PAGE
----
Pediatrics Article Highlights Big Outcomes in CHOC’s Small Baby Unit

CHOC Children’s Small Baby Unit (SBU) is improving quality and outcomes in extremely low birth weight (ELBW) infants (babies born at 28 weeks gestation or less and weighing less than 1,000 grams), according to results of an article CHOC physicians and staff published in a recent issue of Pediatrics.

“In recent years, the survival rates for ELBW infants have improved with the latest advances in neonatal intensive care, but many are still released from the hospital with significant challenges, including neurodevelopmental delays and/or chronic medical problems,” said Mindy Morris, DNP, the SBU program coordinator and the article’s co-author. “Our goal was to improve these outcomes by utilizing a dedicated team with expertise in the care of these patients.”

The objective of the CHOC neonatology team was to care for ELBW infants in a single location physically separated from the main Neonatal Intensive Care Unit (NICU). This space became the 12-bed SBU, which consisted of four individual patient rooms, two of which are surgical suites, and three four-bed pods. Different from a traditional NICU, this smaller unit allows for a darker, quieter environment that encourages developmentally supportive care. The goal is to create an environment that respects and supports the physiologic needs of the baby to grow and develop after being born so prematurely. Grouping this population also provides parents an opportunity to form strong bonds with other families sharing similar experiences.

Outcomes from the two years before and four years after the SBU’s opening in March 2010 include:

• Reduction in chronic lung disease from 47.5 percent to 35.4 percent. A common condition for premature babies, chronic lung disease can have long-lasting ramifications including re-hospitalization and poor neurodevelopment.

• Rate of hospital-acquired infection decreased from 39.3 percent to 19.4 percent.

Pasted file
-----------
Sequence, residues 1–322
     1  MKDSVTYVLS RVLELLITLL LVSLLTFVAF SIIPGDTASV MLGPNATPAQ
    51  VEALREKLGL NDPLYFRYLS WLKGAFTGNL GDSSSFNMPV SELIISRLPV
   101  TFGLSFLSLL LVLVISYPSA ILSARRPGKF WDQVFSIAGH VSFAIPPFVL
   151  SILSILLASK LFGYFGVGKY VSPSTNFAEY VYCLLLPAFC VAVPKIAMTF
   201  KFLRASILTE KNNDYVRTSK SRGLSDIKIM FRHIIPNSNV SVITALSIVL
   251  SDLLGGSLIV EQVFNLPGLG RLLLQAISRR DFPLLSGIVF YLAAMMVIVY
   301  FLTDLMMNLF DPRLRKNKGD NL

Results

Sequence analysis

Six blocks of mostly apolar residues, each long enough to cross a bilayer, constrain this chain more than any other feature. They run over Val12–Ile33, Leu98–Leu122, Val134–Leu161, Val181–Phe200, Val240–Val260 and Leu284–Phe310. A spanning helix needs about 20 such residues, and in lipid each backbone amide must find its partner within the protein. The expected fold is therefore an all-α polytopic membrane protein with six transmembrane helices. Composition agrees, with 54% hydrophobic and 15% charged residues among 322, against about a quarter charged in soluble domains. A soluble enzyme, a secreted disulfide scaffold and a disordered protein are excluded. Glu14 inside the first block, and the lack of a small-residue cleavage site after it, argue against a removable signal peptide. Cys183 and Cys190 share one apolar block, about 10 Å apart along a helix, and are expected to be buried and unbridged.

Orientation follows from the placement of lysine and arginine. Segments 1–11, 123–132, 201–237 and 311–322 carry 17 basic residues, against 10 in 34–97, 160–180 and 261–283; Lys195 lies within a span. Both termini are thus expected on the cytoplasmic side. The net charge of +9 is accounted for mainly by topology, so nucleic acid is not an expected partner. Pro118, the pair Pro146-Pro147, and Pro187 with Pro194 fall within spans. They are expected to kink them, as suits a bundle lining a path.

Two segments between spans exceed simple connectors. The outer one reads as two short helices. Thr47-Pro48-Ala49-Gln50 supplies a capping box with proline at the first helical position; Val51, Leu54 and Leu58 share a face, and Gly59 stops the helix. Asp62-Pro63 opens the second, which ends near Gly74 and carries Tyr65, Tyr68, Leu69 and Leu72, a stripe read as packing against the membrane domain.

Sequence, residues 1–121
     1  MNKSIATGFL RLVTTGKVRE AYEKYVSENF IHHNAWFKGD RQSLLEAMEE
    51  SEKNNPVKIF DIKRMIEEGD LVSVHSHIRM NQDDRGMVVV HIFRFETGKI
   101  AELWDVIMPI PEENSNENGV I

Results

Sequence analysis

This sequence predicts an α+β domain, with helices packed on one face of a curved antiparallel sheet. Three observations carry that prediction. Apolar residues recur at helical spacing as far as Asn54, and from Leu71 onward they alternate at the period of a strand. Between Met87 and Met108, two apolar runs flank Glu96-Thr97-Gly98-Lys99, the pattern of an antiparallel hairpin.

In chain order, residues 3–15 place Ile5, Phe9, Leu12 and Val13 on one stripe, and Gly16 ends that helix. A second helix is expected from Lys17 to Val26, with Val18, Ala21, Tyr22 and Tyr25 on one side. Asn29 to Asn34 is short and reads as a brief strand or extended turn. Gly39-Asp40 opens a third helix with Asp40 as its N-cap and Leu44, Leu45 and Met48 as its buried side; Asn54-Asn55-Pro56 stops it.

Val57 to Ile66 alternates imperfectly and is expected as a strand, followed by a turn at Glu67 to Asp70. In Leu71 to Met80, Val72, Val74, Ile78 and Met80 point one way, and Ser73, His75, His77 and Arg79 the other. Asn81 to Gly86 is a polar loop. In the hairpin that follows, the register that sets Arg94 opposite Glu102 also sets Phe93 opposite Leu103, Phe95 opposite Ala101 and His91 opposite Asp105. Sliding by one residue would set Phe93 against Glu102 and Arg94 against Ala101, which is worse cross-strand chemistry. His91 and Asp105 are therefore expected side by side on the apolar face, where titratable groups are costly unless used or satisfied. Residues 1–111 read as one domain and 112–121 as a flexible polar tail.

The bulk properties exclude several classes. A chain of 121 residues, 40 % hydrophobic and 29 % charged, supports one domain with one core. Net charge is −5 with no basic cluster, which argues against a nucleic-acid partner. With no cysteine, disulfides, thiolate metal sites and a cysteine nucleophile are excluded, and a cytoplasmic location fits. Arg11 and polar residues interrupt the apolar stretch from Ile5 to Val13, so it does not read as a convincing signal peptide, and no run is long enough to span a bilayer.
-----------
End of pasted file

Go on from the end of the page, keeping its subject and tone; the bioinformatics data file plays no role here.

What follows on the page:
• Infants being discharged with growth restriction (combined weight and head circumference, < 10th percentile) decreased from 62.3 percent to 37.3 percent. (These factors are linked to cognitive and physical disabilities.)

• Reduction in laboratory tests (from 224 to 82) and X-rays (from 45 to 22).

Additionally, there was a reduction in illness and complications among infants after leaving the SBU.

Moving forward, the SBU’s goal is to continue to improve patient outcomes, as well as family and staff satisfaction, while also becoming a destination for the care of extremely preterm infants.

CHOC’s Small Baby Unit Helps Twins’ Succesful Outcome

On March 17, 2010, CHOC Children’s opened its Small Baby Unit within the neonatal intensive care unit, to care for the unique needs of the smallest and sickest babies. Since then, the unit has delivered specialized, high-quality care to close to 300 neonates. In honor of the unit’s fifth anniversary, read about one of the many remarkable patient stories from this special place.

For twins Damian and Victoria Daboub, timing is everything. They made their debut too early — at 27 weeks. Damian was 2 pounds, 14 inches, and Victoria was 2 pounds, 13 inches. Yet their timing was perfect because they arrived just as CHOC Children’s opened its 12-bed Small Baby Unit in March 2010.